Humanitarian Crises and Global Conflicts are Increasing Human Trafficking
The Inter-Agency Coordination Group against Trafficking in Persons (ICAT) held its fourth annual meeting of Principals on 2 December 2022 to discuss human trafficking in in humanitarian crises and conflict situations and map priorities for 2023.
Recent and ongoing humanitarian crises and conflicts resulting from war, terrorism, climate change and the COVID-19 pandemic, as well as increased economic and food insecurity, are exacerbating existing vulnerabilities to and creating new risks of trafficking in persons.
“We meet at a time when the world is experiencing severe challenges; and a time in which people increasingly find themselves in vulnerable situations that expose them to the risk of human trafficking,” said John Brandolino, Director of the Division of Treaty Affairs of the United Nations on Drugs and Crime (UNODC), in his opening statement.
Following opening remarks, Michael Spindelegger, the Director General of the International Centre for Migration Policy Development (ICMPD) and ICAT co-chair in 2022, specifically noted among the key achievements from this year, ICAT’s regionally focused initiatives on East and West Africa, contributions to the content of key human trafficking-related multilateral processes, the enhancement of survivor voices within the work of ICAT, and the establishment of a policy support group on trafficking in persons in the context of conflict situations.
As a key highlight of the meeting, the 31 entities of ICAT issued a Call to Action urging countries, humanitarian actors and other relevant stakeholders to put in place effective measures to combat trafficking in persons in the context of increasing humanitarian crises and conflict situations.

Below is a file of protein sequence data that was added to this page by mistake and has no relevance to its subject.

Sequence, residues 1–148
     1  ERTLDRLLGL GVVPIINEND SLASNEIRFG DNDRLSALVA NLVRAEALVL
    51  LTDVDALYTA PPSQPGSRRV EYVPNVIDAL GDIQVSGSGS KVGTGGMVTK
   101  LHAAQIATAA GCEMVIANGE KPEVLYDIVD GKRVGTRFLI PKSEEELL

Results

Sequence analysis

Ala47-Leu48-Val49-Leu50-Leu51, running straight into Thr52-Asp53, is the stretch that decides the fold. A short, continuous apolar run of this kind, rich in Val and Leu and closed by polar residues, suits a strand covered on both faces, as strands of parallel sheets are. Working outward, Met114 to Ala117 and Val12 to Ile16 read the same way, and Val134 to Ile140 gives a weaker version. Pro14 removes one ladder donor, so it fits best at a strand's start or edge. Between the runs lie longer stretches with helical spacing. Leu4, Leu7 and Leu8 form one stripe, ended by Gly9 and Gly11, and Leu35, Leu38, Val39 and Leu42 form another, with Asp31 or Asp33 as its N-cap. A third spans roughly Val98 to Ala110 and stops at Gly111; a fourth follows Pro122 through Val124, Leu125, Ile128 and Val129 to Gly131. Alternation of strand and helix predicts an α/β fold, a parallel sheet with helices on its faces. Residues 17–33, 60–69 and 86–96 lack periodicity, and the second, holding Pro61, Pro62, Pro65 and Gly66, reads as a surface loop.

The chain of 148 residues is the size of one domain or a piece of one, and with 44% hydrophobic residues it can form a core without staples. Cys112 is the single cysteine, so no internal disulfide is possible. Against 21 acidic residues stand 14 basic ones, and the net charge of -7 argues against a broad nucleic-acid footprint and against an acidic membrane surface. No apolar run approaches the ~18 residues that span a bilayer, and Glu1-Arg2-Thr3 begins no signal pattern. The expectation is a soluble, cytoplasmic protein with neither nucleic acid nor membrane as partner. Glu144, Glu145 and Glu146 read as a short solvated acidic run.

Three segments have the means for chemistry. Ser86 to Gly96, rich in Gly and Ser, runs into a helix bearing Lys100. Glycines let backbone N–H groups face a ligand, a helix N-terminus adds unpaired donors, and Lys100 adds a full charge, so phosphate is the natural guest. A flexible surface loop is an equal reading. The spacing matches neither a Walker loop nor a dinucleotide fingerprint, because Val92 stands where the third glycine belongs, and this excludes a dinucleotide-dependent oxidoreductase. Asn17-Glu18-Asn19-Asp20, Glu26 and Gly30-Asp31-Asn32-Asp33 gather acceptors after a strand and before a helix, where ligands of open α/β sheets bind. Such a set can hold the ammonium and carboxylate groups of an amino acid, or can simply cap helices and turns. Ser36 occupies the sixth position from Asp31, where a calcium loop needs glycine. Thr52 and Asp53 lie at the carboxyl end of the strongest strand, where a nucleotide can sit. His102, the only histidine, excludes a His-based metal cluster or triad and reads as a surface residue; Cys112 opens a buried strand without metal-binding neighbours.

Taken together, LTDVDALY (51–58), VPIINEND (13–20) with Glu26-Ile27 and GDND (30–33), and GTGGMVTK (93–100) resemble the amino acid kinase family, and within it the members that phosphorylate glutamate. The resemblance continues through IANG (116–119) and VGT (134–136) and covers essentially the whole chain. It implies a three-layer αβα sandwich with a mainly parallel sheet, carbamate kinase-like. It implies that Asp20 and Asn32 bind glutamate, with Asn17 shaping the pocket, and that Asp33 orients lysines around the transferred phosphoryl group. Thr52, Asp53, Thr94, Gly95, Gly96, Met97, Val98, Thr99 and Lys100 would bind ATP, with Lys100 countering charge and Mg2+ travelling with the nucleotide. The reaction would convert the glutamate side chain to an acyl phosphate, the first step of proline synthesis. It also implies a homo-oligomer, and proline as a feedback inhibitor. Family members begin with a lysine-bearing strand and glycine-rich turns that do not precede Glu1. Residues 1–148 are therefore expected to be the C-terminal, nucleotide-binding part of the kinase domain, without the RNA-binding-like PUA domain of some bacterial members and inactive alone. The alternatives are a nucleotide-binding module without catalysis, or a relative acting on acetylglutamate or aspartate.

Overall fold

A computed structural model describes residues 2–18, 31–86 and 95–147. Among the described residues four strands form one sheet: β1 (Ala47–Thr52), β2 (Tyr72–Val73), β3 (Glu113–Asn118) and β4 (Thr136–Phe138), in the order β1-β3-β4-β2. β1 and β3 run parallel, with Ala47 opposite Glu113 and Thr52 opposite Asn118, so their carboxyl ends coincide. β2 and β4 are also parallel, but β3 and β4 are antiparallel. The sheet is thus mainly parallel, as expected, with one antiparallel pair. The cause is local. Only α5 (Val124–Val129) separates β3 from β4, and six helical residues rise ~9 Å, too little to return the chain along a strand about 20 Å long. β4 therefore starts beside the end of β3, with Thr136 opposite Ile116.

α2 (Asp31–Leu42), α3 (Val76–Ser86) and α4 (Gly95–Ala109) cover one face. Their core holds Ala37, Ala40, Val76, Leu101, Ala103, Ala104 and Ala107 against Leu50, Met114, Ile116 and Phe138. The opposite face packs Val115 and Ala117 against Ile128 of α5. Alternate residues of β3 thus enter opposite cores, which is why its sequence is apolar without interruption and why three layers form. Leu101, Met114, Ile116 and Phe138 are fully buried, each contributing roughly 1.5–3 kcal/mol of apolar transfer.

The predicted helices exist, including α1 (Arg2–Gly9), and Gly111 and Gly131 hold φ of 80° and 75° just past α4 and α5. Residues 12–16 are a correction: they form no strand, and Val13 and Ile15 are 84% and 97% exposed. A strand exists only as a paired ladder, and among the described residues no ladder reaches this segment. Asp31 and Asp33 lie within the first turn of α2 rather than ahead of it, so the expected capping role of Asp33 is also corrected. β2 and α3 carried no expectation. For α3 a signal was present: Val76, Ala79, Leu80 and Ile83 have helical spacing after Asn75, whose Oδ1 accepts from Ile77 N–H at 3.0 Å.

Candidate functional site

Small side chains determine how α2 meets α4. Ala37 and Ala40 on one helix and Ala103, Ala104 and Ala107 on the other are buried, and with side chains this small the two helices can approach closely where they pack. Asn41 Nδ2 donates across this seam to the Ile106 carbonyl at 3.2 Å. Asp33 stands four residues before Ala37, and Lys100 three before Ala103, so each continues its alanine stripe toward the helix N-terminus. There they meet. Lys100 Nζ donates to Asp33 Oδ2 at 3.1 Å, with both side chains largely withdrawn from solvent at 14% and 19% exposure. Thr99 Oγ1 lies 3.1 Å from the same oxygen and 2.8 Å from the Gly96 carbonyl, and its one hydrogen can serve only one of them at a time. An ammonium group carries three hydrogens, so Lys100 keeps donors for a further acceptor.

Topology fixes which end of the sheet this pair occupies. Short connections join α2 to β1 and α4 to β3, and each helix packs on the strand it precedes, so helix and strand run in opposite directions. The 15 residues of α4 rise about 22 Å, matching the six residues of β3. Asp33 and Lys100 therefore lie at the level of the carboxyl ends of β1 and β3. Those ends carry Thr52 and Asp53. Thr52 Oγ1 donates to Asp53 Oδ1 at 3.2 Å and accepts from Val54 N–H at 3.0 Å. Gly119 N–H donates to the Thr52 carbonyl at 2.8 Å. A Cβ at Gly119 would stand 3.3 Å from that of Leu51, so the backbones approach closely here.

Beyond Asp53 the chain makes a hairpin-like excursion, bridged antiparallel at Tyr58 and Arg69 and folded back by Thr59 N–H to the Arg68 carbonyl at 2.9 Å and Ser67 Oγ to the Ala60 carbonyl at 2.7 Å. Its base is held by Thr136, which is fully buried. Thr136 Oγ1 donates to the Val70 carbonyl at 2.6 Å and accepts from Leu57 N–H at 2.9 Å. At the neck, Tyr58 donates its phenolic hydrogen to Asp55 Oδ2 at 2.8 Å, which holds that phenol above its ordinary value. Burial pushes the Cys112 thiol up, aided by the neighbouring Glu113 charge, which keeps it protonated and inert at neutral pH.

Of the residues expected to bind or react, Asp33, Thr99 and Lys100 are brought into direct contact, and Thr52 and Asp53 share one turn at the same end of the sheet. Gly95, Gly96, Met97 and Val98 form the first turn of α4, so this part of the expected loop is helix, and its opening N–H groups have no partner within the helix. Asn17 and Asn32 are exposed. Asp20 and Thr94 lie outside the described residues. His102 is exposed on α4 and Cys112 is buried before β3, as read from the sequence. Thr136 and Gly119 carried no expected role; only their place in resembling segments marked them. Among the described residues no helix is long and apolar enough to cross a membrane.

The meeting also endorsed the International Organization for Migration (IOM) and the Office of the Special Representative of the Secretary-General on Violence Against Children (OSRSG-VAC) to co-chair ICAT in 2023.
The incoming co-Chairs committed to maintaining momentum and capitalizing on gains already made by ICAT while also responding to acute and new challenges and ensuring that attention is paid to countering trafficking in children as a cross-cutting issue. In 2023, ICAT will “continue fostering interagency collaboration and organized approaches to addressing trafficking in persons across all the world,” said Pablo Espiniella, representing OSRSG-VAC.
Referring to the persisting global humanitarian crises, IOM’s Monica Goracci said that ICAT would continue drawing from its membership’s diverse mandates and expertise to ensure effective responses to trafficking in persons.
“As a group, we have a demanding year ahead. Yet, difficult times also prompt us to innovate and combine our expertise and resources to tackle together the challenges that we can no longer face alone,” said Goracci. "Let us use this opportunity to make tangible, positive change in our global response to all forms of trafficking in persons,” she added.
The ICAT chair rotates among the members of the Group on an annual basis.
ICAT was established in 2007 by the UN General Assembly to enhance cooperation and coordination among UN agencies and other relevant international organizations to facilitate a holistic and comprehensive approach to trafficking in persons. Its members include 31 UN entities and other international organizations. In 2022, ICAT is co-chaired by the United Nations Office on Drugs and Crime (UNODC) and the International Centre for Migration Policy Development (ICMPD).
ICAT has published extensively on trafficking in persons. Its wealth of information can be accessed on the website here. For more information, follow @ICAT_News on Twitter.